Review - The Album Project


New guy Robert Barton-Ancliffe introduces us to Cheltenham based group The Album Project with a look at The Music of Pink Floyd, Live...

‘The Album Project is the result of a meeting and discussion between Simon & Jake - that session took Simon's fledgling idea and made it a reality "let's do it - why not?" - so we did!’

These words, taken from the official website of ‘The Album Project’ describe the genesis of a unique musical collective that has recently taken audiences by storm with two sell-out shows in Cheltenham, Gloucestershire. Founded by Simon Young (drums) and Jonathan ‘Jake’ Kirkpatrick (Bass), ‘The Album Project’s mission statement is to bring ‘classic albums to live performance in an authentic and inspiring way’, but the almost flippant tone of the above quote belies the true complexity of the challenge they had set themselves. Thankfully the duo’s commitment, enthusiasm and considerable professional experience paid off and ensured that this simple idea more than lived up to its potential, resulting in a show that appeals not just to the hard-core fans of the source material but to anyone who enjoys the heady mix of bombast, intimacy and sheer virtuosity of live rock music at its absolute best.

So what sets ‘The Album Project’ apart? No mere group of jobbing musos they, simply rattling off their idol’s greatest hits with reckless abandon. They’re neither a slavish tribute band, nor simply a straight up covers band. The personnel roster is ever changing round the assured core team of Simon and Jake, a flexible ensemble of talented singers and musicians selected for each show according to the unique requirements of the material. Thus each performance showcases a varied collection of experiences and personalities, not to mention an enviable array of vintage and cutting-edge gear. The result is a group who can accurately re-create the source material without being overshadowed by it, each gig exuding a sense of giddy fun, collaboration and charm that’s uniquely their own.

Saturday 5th December, ‘Quadrophenia: Live’, Cheltenham Playhouse

Having generated considerable pre-show buzz though social media in the months prior, ‘The Album Project’ made their debut on December 15th, 2015 with a performance of The Who’s double LP ‘Quadrophenia’ at the Cheltenham Playhouse. To say the audience were not just amazed, but blown away would be an understatement. If this sounds like empty hyperbole, ask anyone who was lucky enough to be there and they’ll tell you that any number of colourful adjectives would hardly do justice to the accomplishment they witnessed that night. Fulfilling their stated aim of ‘bringing some of the greatest albums ever recorded into live performance’, not only did Simon and Jake’s ensemble produce an authentic recreation of the album’s every effect, riff and cymbal crash to the point you could almost hear the vinyl itself crackle and pop, but, fronted by phenomenal guest vocalist Josh Rawle they brought it all to vivid raucous life with a swagger and good humour that almost dared to make it look easy.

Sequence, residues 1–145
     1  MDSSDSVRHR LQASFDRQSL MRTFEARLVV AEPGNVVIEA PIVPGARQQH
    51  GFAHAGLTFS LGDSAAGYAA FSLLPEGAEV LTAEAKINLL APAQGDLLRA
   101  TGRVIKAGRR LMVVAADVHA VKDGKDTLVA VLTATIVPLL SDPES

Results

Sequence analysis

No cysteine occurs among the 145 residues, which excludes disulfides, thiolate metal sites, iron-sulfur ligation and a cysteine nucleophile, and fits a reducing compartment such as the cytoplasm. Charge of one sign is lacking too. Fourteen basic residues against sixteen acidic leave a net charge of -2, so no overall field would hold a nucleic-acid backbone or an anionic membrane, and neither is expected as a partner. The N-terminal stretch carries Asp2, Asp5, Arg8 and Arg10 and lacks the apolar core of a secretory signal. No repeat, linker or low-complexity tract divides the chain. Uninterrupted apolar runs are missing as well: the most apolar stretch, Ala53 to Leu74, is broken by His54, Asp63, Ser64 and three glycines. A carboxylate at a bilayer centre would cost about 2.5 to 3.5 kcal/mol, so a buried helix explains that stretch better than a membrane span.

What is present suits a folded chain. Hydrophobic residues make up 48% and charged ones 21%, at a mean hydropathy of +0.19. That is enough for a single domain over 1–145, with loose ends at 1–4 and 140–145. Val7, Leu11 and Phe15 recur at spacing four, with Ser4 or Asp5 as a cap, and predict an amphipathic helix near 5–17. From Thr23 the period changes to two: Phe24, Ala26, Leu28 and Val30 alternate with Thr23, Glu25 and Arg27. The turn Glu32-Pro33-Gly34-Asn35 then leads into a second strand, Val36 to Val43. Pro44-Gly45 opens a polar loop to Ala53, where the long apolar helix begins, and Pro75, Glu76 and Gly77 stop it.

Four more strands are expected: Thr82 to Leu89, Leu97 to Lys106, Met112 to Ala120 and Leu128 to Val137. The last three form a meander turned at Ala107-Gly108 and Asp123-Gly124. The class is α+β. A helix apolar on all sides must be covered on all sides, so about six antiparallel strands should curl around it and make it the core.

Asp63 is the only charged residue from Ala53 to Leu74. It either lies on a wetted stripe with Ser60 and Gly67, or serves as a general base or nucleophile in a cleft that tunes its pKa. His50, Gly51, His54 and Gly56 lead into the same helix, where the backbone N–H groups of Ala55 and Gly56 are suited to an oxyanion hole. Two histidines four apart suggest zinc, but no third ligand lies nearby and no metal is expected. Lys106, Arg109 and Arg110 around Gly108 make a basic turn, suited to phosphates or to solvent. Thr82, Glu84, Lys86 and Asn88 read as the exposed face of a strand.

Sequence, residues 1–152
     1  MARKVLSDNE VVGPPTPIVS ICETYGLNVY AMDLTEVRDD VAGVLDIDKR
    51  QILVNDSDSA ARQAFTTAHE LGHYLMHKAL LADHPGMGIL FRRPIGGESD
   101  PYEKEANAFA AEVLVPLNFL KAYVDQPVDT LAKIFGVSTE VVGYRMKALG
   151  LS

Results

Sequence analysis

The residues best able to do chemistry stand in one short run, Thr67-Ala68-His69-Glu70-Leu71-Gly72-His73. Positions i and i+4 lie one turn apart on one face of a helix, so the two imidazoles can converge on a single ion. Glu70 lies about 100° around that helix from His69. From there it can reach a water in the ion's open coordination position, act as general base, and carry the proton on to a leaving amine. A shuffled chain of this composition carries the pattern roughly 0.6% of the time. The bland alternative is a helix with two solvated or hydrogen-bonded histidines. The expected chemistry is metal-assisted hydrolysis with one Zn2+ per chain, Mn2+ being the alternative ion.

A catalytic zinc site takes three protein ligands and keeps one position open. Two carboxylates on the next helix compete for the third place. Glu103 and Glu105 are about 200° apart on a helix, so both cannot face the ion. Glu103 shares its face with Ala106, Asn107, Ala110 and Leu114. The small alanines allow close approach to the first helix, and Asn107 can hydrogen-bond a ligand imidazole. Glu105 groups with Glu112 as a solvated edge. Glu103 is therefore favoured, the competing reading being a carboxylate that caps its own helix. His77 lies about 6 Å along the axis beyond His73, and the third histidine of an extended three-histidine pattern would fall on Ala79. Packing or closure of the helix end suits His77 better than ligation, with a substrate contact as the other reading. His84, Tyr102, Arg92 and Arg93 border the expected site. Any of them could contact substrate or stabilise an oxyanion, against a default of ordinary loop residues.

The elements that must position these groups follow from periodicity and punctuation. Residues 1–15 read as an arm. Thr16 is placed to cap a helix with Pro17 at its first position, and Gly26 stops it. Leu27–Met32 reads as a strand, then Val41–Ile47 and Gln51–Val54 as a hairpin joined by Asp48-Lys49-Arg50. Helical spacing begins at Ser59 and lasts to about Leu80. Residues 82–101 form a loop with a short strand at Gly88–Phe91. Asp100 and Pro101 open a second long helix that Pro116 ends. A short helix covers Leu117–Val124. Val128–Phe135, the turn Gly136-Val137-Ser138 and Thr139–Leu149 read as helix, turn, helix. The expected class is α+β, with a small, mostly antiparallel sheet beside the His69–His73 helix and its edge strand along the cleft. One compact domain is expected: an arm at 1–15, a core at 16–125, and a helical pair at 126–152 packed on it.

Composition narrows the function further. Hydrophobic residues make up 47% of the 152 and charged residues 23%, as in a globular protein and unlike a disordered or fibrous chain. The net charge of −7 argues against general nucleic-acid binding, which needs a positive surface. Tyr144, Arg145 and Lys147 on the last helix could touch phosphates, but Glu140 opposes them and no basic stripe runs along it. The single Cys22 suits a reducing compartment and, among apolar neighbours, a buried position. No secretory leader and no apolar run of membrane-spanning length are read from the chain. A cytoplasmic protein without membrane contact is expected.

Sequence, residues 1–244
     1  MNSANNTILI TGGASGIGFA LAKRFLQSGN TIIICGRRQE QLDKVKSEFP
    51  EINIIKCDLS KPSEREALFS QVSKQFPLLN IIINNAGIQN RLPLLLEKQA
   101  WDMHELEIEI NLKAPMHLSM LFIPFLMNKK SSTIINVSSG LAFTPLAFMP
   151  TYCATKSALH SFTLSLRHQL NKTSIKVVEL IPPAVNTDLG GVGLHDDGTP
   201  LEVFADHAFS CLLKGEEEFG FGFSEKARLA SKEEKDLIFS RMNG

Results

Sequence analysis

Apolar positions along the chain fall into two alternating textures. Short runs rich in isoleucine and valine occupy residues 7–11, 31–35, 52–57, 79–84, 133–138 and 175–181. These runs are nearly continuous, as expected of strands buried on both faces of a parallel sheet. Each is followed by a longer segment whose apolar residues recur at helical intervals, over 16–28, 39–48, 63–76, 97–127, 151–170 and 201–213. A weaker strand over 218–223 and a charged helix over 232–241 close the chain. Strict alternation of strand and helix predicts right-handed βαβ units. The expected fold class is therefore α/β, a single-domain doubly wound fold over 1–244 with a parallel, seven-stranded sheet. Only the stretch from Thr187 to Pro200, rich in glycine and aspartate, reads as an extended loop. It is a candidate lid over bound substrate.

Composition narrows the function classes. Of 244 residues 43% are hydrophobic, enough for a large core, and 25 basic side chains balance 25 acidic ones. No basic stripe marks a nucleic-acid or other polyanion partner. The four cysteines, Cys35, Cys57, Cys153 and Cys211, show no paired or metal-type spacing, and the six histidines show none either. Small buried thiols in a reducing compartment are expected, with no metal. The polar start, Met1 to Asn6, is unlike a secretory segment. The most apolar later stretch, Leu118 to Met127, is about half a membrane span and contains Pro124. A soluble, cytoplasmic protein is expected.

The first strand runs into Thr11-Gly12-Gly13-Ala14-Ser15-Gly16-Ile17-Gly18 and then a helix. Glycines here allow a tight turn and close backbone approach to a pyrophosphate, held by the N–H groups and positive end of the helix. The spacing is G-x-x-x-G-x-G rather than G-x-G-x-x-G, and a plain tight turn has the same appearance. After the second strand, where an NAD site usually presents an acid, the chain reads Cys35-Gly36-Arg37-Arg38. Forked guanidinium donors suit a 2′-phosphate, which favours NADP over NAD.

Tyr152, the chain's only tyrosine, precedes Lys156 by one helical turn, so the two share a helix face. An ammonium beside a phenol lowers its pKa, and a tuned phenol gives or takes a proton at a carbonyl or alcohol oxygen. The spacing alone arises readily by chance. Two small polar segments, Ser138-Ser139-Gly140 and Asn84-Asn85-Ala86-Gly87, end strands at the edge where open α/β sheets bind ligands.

Audience feedback from the first gig was overwhelmingly positive and unsurprisingly, the band quickly secured a return engagement at the Cheltenham Playhouse. And so, the second weekend of June 2016 saw not one, but TWO packed evenings as they considerably upped their game with ‘The Music of Pink Floyd’. Drawn from the key period between 1973 and 1981 which saw The Floyd reach their musical and commercial peak and filling stadiums across the globe, the set included some of the biggest crowd pleasers from albums ‘Wish You Were Here’ and ‘The Wall’ as well as a complete performance of Prog Rock masterwork ‘Dark Side of the Moon’. After ‘Quadrophenia’, the bar was pretty high. Would this be a case of the proverbial ‘difficult second album’?


Saturday, June 11th 2016, ‘The Music of Pink Floyd: Live’, Cheltenham Playhouse

As you’ll have already read, ‘The Album Project’ is a group whose appeal has grown beyond their humble roots in mere pastiche or homage. In an auditorium full to capacity, the excitement was palpable as the arrival of founder, drummer and thoroughly affable spokesman Simon signalled the start of the show. The growing buzz quickly made it apparent that the group’s very presence was becoming a unique draw in itself.